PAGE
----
City hotel criticised for its breastfeeding ‘shame’

Mothers demonstrate outside Olive Restaurant yesterday. A woman claimed a waiter told her not to breast feed her baby in the open. [Beverlyne Musili, Standard]
Demonstrators marched on the streets of Nairobi yesterday to protest at the mistreatment of a woman who was allegedly banned from breastfeeding her baby in a restaurant.

The protesters accused Olive Restaurant, located on Accra Road, of infringing on the rights of children to basic food, saying the action was not only despicable, but inhuman.

“It is shameful that some individuals or restaurants support such blatant violation of a child’s right to feed,” said Mildred Owiso, one of the protesters.

The issue came to the public’s attention last week after a woman identified as Betty Kim took to social media to express her frustration with Olive Restaurant’s action.

In her posts, Betty blasted the restaurant’s employees for their heartless approach to the matter, saying a waiter asked her to either cover her breastfeeding baby or do it in the washroom.

“I’m very disappointed by Olive Restaurant for humiliating me when breastfeeding my baby. Those waiters should be aware not all babies are covered while being fed. The approach was pathetic, it was raining outside and I can never breastfeed my baby in the toilet,” wrote Betty.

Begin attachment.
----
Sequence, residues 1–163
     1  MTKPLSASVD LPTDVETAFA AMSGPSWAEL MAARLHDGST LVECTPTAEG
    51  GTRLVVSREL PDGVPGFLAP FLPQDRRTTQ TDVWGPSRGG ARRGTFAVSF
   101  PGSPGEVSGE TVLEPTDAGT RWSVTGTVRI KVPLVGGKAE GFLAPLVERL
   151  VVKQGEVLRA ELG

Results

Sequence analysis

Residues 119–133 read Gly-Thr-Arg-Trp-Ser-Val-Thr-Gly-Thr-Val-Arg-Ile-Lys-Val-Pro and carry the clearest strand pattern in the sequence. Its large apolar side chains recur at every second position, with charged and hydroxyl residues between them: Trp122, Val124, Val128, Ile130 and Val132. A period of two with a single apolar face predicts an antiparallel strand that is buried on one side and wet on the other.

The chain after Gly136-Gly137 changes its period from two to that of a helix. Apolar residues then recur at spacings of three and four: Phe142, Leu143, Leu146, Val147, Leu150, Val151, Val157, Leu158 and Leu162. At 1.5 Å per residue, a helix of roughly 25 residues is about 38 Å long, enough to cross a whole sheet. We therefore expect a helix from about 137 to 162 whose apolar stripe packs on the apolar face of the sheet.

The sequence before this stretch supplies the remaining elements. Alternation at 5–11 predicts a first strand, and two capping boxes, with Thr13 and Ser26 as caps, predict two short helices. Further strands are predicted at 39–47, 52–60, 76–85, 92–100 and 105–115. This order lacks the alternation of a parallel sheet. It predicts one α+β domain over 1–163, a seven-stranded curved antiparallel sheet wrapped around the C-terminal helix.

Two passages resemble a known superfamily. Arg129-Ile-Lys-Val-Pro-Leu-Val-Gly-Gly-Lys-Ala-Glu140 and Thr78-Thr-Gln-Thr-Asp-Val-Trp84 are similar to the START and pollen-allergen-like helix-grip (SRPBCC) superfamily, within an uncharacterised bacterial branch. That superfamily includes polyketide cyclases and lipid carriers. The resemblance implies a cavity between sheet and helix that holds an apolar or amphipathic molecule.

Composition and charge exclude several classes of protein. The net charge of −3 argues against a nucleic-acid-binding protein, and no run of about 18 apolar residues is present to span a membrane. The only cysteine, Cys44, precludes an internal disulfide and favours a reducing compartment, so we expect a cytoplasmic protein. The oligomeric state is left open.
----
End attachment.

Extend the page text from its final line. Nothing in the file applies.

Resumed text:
The restaurant’s management yesterday apologised and asked the complainant to come forward and assist in identifying the waiter who threw her out for action to be taken against the worker.

“We sincerely apologise and we assure you that the Olive management is taking necessary measures to address the matter. Please get in touch with us if possible to assist us with the investigations. In order to improve our services to all mothers,” said the restaurant manager, Moses Wambua.

Yesterday, the protesters matched to Parliament, where they petitioned MPs to formulate and enforce laws to protect lactating mothers.

“The law allows mothers to breastfeed anywhere we want, however and whenever we want. We therefore ask both the national and the county governments to ensure the laws are enforced. We also appeal to the President to assent to the Breastfeeding Mothers Bill, 2017,” said Ms Owiso.

MPs Martha Wangare and Isaac Mwaura, who came out to receive the bill, supported the women, saying there was a need to implement the existing laws. “The problem is not in formulation of laws; we need to ensure existing laws they are enforced,” said Ms Wangare.

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